48 F3d 1221 Levine v. United States
Ernest L. LEVINE, Plaintiff-Appellant,
UNITED STATES of America, et al., Defendants-Appellees.
United States Court of Appeals, Seventh Circuit.
Submitted March 6, 1995.*
Decided March 9, 1995.
48 F.3d 1221
NOTICE: Seventh Circuit Rule 53(b)(2) states unpublished orders shall not be cited or used as precedent except to support a claim of res judicata, collateral estoppel or law of the case in any federal court within the circuit.
Before CUMMINGS, PELL, and MANION, Circuit Judges.
Ernest Levine challenges the decisions of the Government Services Administration, Small Business Administration, and Department of Labor that Levine is not a "regular dealer" within the meaning of 48 C.F.R. Secs. 22.601, 22.606-2 and 41 C.F.R. Sec. 50-206.53(a), and is thus ineligible to sell Select Comfort brand mattresses to federal agencies. After exhausting his administrative remedies, Levine filed a complaint in district court seeking damages and injunctive relief alleging that (1) the definition of a "regular dealer" is unreasonable because it discourages the sale of novel products to the government, and (2) the agencies' decisions are arbitrary and capricious because Levine was a regular dealer. The district court rejected Levine's claim and granted summary judgment for the government.
On appeal, Levine argues the district court erred as a matter of law. We review the district court's grant of summary judgment de novo. Celotex Corp. v. Catrett, 477 U.S. 317, 322, 106 S.Ct. 2548, 2552 (1986); Williams v. Anderson, 959 F.2d 1411, 1413 (7th Cir.1992). Because Levine is proceeding pro se on appeal, we will read his arguments liberally. Bagola v. Kindt, 39 F.3d 779, 780-81 (7th Cir.1994). In addition to the claims raised before the district court, Levine now raises several constitutional claims. We consider this claim waived on appeal. See Browning-Ferris Indus. v. Kelco Disposal Inc., 492 U.S. 257, 276, 109 S.Ct. 2909, 2921 (1989) (due process claim waived when not raised before lower court); Walden v. Illinois Cent. Gulf R.R., 975 F.2d 361, 366 (7th Cir.1992) (same); In re Edwards, 962 F.2d 641 (7th Cir.1992) (same).
After reviewing the record, we AFFIRM for the reasons stated in the attached district court Memorandum Opinion and Order dated July 19, 1993.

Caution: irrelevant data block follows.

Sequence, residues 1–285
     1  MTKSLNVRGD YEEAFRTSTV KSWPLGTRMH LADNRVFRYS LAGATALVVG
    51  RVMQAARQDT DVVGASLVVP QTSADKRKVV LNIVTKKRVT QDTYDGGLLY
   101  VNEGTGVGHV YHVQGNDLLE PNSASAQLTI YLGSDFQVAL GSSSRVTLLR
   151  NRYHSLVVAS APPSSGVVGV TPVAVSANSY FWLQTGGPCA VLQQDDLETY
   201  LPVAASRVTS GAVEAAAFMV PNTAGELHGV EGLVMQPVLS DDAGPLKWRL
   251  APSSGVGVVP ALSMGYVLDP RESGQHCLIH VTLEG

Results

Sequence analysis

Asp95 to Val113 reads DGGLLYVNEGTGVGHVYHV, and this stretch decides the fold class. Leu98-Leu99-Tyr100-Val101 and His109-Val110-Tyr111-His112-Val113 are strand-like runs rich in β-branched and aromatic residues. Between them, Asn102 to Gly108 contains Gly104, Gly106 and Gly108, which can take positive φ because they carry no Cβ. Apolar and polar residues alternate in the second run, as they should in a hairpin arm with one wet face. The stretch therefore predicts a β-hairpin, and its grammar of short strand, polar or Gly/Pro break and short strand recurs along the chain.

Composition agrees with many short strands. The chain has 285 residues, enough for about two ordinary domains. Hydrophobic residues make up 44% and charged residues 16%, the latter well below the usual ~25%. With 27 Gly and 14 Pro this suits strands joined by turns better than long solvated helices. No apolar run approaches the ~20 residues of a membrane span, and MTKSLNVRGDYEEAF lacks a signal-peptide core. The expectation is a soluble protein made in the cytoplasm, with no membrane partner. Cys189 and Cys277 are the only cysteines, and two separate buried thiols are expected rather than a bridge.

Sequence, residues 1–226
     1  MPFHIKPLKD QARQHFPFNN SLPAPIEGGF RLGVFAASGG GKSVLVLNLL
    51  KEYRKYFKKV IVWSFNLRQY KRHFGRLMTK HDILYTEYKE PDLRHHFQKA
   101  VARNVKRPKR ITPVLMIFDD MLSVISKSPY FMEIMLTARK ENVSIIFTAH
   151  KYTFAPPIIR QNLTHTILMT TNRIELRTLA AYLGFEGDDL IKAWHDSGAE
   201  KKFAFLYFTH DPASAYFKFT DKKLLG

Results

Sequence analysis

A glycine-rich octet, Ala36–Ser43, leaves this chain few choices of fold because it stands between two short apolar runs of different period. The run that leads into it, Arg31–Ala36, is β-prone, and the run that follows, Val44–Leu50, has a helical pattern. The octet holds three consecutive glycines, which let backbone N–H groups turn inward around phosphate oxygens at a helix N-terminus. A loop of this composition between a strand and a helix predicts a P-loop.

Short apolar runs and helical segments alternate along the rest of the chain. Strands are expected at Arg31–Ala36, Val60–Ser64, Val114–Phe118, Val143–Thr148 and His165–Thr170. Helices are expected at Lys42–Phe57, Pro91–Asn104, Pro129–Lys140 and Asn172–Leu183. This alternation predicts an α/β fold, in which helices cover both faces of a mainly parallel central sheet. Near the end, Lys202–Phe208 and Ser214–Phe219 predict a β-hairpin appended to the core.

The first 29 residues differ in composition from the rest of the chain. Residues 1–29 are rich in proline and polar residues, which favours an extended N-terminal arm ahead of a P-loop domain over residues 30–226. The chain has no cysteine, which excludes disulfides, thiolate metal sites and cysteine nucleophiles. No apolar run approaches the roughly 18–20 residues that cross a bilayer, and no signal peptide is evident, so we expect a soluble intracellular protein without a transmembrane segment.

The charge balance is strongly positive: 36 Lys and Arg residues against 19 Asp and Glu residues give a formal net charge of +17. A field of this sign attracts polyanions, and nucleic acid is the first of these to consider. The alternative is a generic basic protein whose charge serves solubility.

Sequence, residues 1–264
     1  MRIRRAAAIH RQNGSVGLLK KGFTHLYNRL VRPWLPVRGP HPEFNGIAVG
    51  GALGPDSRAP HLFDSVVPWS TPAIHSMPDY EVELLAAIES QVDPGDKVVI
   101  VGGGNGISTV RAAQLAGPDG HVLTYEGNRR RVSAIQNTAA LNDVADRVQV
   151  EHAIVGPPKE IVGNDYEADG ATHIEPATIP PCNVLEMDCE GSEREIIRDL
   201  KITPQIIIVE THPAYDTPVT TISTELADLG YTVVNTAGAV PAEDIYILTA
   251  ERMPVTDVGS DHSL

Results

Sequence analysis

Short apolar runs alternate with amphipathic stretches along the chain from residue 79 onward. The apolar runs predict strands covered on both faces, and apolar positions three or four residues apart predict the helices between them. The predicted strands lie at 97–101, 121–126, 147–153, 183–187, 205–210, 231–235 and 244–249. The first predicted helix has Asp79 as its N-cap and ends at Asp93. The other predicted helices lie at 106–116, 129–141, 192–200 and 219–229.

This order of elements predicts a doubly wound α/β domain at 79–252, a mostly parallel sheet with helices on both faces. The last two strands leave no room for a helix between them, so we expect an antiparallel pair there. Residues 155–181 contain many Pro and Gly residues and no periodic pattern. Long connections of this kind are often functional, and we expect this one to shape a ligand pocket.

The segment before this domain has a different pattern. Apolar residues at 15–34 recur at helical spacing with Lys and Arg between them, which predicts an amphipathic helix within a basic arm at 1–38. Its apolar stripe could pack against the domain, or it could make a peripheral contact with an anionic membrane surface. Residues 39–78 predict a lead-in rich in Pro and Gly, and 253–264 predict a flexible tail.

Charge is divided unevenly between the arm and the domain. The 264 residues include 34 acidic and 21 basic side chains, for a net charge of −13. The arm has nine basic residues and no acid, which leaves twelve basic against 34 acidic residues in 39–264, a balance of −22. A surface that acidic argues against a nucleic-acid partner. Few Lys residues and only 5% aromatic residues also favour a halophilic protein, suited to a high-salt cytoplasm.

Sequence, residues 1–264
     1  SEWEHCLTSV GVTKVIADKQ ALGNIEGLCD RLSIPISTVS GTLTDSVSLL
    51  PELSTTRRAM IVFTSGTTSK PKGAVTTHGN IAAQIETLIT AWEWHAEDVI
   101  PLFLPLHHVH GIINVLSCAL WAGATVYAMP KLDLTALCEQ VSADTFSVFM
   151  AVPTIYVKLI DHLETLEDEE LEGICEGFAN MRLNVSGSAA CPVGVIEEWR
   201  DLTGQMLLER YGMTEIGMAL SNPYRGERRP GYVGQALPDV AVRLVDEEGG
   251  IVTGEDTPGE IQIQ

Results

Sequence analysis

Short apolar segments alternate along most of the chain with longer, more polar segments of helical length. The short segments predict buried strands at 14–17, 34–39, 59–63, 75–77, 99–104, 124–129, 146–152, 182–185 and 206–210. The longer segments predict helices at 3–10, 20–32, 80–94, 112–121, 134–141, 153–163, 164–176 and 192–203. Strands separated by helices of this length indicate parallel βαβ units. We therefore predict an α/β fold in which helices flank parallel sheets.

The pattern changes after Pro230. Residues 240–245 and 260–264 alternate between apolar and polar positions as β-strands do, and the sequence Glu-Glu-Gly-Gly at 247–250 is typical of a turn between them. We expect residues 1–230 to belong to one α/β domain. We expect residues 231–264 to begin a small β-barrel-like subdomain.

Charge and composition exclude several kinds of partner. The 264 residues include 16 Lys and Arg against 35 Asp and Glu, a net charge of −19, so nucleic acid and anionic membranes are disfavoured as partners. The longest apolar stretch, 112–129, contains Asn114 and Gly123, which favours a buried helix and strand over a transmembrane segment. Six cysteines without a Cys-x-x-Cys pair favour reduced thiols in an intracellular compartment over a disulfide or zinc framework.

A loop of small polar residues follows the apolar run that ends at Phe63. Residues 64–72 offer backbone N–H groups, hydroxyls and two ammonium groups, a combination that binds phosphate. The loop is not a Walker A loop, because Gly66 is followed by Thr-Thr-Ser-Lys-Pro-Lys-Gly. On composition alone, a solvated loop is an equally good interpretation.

IN THE UNITED STATES DISTRICT COURT
FOR THE NORTHERN DISTRICT OF ILLINOIS
Ernest L. Levine, Plaintiff,
United States of America, et al., Defendants.
91 C 2789
DOCKETED July 20, 1993
MEMORANDUM OPINION AND ORDER
MAROVICH, District Judge.
Plaintiff, Ernest Levine ("Levine"), applied to the federal government to be the government's provider of air-inflated mattresses. However, after reviewing his application, the General Services Administration ("GSA") determined that Levine did not qualify as a "regular dealer" as required by the Walsh-Healey Act. Therefore, GSA denied Levine's application. GSA's denial was upheld on review by both the Small Business Administration ("SBA") and the Department of Labor ("DOL"). Consequently, Levine filed suit against defendants, the United States of America, GSA, and two GSA employees, Richard Austin and Paulette Sepulvado (collectively "defendants"), seeking judicial review of the administrative determination. Defendants now move for summary judgment pursuant to Federal Rule of Procedure 56. For the following reasons, we grant defendants' motion for summary judgment.
Levine operates a sole proprietorship engaged in the selling of products. Beginning around January 2, 1990, Levine entered into an agreement with Select Comfort Mattresses ("Select Comfort") to sell their mattresses. This agreement provided that Levine would be the exclusive seller of Select Comfort products to the federal government.
Levine did not maintain an inventory of mattresses or a permanent space to keep any potential inventory. His practice was to solicit orders for Select Comfort and transmit them to the factory. The factory would ship the mattress directly to the customer who, in turn, would remit payment directly to Select Comfort.